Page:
Cincinnati using innovative techniques to green city's infrastructure

As cities work to reduce their overall environmental impact, the hardscape surfaces that make up so much of the area must also be addressed.  As a result, Cincinnati officials are implementing innovative techniques to green the city's infrastructure and make a positive impact on the environment.

The Oakley Square project is one of those efforts.  The new streetscaping with this project includes pervious concrete sidewalks, gutters and pavers, as well as rain gardens and urban bioretention planters designed to reduce water runoff and the urban heat island effect.  According to City officials, the redesign of the Geier Esplanade also decreases the overall amount of impervious pavement in the area while increasing the amount of greenspace.

"This is the first time Department of Transportation & Engineering has installed pervious concrete sidewalks anywhere in the City," said Bryan Williams, Project Manager.  "It was important to the community that the new streetscape be as green as possible, so we thought this would be a great opportunity to try something new."

On the other side of the city through the region's primary industrial corridor, Spring Grove Avenue is being reconstructed to accomplish similar goals.  Once complete, the Spring Grove Avenue/Clifton Avenue Street Improvement Project will plant 77 new street trees and construct close to 6,000 square feet of planted rain gardens in the public right-of-way.

The rain gardens will allow for rain water to run off of the street into these natural area and then "percolate" into the ground in a way that cleans out solid pollutants from the rain water.  City officials state that the rain gardens will help to reduce storm water runoff and prevent potential overflow of sanitary and first flush pollutants into the Mill Creek waterway.

"This project is going to completely transform the street," stated Curtis Hines, Project Manager for the street reconstruction project.  "Overall, the project is removing almost a half-acre of impervious area and replacing it with a consistent grass strip, trees, and landscaping."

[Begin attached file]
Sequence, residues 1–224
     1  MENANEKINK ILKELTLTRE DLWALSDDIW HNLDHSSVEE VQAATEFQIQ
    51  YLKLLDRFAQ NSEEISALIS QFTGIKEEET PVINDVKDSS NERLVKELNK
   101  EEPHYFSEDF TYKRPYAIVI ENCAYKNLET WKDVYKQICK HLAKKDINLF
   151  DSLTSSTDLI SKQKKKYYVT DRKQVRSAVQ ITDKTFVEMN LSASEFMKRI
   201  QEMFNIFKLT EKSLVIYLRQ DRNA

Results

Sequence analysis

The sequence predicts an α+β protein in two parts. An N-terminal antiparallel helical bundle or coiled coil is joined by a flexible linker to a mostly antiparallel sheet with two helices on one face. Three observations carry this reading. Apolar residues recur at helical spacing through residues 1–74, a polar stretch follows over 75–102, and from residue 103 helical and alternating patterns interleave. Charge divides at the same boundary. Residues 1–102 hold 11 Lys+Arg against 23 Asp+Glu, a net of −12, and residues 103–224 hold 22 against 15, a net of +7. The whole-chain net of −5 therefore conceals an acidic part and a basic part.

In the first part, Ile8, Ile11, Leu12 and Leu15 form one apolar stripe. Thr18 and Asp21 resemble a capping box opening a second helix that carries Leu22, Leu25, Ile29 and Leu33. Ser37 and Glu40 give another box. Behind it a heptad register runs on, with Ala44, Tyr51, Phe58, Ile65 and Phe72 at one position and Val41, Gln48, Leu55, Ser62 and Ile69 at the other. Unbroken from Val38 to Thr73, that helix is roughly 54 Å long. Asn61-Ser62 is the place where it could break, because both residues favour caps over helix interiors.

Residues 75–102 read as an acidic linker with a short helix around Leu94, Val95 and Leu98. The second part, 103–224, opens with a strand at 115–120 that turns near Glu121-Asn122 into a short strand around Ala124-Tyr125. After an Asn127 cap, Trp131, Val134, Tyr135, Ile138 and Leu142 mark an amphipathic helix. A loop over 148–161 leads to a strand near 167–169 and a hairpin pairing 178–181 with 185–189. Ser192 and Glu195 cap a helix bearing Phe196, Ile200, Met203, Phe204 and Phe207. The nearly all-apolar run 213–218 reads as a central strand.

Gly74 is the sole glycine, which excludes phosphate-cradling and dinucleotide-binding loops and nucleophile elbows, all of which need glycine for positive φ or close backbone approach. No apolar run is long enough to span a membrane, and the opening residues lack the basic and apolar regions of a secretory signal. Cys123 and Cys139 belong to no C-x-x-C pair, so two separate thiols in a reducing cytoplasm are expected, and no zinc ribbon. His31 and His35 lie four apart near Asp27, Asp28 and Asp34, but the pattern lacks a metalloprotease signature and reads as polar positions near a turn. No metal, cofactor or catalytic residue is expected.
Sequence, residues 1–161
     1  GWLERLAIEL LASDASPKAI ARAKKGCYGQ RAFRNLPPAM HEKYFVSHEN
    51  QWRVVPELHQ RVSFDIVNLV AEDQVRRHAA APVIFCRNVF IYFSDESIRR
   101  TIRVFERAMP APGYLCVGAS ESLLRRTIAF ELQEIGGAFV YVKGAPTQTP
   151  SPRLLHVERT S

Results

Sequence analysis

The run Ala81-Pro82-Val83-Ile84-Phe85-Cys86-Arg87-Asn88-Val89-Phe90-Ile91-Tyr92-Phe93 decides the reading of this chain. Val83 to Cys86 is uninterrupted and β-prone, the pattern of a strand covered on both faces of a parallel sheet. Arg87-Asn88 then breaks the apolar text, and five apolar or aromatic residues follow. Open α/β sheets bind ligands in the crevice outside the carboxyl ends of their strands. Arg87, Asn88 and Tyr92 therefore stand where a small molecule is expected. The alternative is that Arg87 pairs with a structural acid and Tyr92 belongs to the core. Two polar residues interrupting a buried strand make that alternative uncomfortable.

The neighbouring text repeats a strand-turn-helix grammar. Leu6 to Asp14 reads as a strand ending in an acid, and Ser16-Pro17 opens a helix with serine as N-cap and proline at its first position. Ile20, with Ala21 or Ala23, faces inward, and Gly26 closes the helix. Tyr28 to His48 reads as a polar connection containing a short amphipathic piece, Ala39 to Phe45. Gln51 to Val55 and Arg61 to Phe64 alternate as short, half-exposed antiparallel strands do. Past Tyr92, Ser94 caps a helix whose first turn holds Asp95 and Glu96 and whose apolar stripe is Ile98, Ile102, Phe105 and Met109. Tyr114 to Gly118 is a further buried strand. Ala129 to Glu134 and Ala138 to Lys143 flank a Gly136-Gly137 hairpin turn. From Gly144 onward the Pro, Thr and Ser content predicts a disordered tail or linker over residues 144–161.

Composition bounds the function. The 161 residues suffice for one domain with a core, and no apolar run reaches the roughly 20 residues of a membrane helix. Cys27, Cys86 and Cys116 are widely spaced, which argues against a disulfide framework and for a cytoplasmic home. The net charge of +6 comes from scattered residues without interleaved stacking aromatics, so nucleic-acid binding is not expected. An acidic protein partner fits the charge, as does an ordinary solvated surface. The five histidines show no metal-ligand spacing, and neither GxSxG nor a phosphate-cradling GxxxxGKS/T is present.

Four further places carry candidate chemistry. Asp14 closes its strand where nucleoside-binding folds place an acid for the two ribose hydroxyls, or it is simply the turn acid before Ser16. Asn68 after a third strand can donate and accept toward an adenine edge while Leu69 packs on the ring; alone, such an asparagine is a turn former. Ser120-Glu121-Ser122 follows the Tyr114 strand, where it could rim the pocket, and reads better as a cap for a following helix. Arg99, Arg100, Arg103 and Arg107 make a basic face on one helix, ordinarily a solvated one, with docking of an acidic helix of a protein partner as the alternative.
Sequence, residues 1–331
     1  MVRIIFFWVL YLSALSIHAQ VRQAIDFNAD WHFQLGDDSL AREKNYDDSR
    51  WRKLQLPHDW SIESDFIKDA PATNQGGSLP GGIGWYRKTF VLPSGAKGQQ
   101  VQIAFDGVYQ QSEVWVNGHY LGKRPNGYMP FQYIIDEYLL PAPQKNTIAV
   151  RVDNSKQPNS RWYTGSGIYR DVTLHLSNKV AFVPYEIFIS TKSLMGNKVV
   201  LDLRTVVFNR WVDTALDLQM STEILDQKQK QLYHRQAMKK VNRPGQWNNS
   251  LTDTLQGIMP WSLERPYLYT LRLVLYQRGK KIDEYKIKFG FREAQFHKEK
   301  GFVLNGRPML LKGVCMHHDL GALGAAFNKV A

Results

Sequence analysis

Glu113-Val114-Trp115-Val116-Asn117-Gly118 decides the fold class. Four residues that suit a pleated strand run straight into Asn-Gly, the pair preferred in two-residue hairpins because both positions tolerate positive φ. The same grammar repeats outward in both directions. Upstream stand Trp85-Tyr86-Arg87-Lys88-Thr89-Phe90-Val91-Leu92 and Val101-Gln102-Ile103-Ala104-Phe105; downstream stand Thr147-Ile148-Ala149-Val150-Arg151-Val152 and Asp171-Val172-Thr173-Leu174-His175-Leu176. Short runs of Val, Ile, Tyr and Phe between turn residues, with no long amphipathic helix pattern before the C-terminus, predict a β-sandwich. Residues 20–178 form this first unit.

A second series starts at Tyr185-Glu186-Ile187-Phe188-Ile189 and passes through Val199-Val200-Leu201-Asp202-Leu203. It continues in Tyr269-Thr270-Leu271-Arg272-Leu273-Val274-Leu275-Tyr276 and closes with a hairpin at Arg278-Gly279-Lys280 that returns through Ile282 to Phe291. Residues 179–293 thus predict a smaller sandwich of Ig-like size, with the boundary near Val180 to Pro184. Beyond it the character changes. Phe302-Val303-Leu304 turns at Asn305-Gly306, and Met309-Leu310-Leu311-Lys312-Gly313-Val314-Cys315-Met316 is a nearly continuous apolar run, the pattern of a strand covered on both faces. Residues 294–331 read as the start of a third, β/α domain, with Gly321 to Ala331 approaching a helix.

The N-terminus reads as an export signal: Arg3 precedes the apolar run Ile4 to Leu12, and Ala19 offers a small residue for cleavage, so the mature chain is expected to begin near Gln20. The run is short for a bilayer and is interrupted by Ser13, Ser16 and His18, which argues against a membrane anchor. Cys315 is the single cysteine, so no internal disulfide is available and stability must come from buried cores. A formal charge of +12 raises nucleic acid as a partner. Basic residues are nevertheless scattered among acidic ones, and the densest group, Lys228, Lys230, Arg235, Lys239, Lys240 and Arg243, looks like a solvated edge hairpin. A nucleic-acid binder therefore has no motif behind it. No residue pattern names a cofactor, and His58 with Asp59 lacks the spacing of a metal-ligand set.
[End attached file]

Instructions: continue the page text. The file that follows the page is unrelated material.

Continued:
Other projects around the city using these new practices include the construction of the new Camp Washington public plaza along Hopple Street where the City will be incorporating pervious paver systems while also using recycled granite curbs.

In the heart of Cincinnati's center city officials are working on what they call 'Green Alleys' that utilize historic clay bricks in the alleys to create a pervious pavement system after they are salvaged and cleaned.  In the reconstruction process officials state that an underground storm water storage area composed of rocks and gravel is built so that the water can filter through the pavement system and be held until the ground can absorb the water naturally.

"Historic alleys of this type represent approximately 5 to 10 percent of the surface area of Over-the-Rhine and the Central Business District," stated Cincinnati's Acting City Architect Jack Martin.  "Hopefully, these demonstration projects will become a prototype for similar streets and alleys in OTR and the CBD."

Writer: Randy A. Simes
Photography by Tiffani Fisher
Stay connected by following Randy on Twitter @UrbanCincy
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